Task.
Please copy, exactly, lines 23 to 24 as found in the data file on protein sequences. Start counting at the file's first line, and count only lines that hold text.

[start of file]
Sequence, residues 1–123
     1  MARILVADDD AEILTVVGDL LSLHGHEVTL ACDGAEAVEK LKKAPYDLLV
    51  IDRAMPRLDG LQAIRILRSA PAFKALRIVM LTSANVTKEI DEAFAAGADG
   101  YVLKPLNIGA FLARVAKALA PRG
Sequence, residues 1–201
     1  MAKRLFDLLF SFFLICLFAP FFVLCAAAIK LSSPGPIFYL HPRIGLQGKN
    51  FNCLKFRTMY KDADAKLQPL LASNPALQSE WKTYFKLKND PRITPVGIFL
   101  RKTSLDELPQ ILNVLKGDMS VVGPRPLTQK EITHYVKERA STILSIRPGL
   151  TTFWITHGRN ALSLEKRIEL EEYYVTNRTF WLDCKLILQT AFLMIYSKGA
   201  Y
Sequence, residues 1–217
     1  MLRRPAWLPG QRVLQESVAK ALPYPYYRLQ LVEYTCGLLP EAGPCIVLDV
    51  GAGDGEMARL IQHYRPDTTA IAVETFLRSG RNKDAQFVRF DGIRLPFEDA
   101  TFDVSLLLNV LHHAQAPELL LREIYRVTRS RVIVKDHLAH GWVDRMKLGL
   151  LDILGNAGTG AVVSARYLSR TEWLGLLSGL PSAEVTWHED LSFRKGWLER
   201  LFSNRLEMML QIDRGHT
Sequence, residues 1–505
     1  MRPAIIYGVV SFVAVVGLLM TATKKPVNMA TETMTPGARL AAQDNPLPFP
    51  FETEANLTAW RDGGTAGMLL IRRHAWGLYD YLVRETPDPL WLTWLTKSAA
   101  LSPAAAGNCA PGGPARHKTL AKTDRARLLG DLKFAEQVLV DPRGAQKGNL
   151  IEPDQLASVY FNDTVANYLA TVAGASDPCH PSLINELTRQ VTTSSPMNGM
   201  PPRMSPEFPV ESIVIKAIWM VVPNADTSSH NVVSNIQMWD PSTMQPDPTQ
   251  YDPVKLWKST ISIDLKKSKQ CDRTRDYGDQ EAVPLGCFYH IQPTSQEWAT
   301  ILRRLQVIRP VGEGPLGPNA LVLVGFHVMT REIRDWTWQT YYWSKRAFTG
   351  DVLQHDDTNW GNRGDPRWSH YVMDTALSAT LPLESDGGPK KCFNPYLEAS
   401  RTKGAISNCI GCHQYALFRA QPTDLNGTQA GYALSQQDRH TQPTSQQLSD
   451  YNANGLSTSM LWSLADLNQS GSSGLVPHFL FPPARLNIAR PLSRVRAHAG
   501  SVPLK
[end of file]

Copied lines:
   251  YDPVKLWKST ISIDLKKSKQ CDRTRDYGDQ EAVPLGCFYH IQPTSQEWAT
   301  ILRRLQVIRP VGEGPLGPNA LVLVGFHVMT REIRDWTWQT YYWSKRAFTG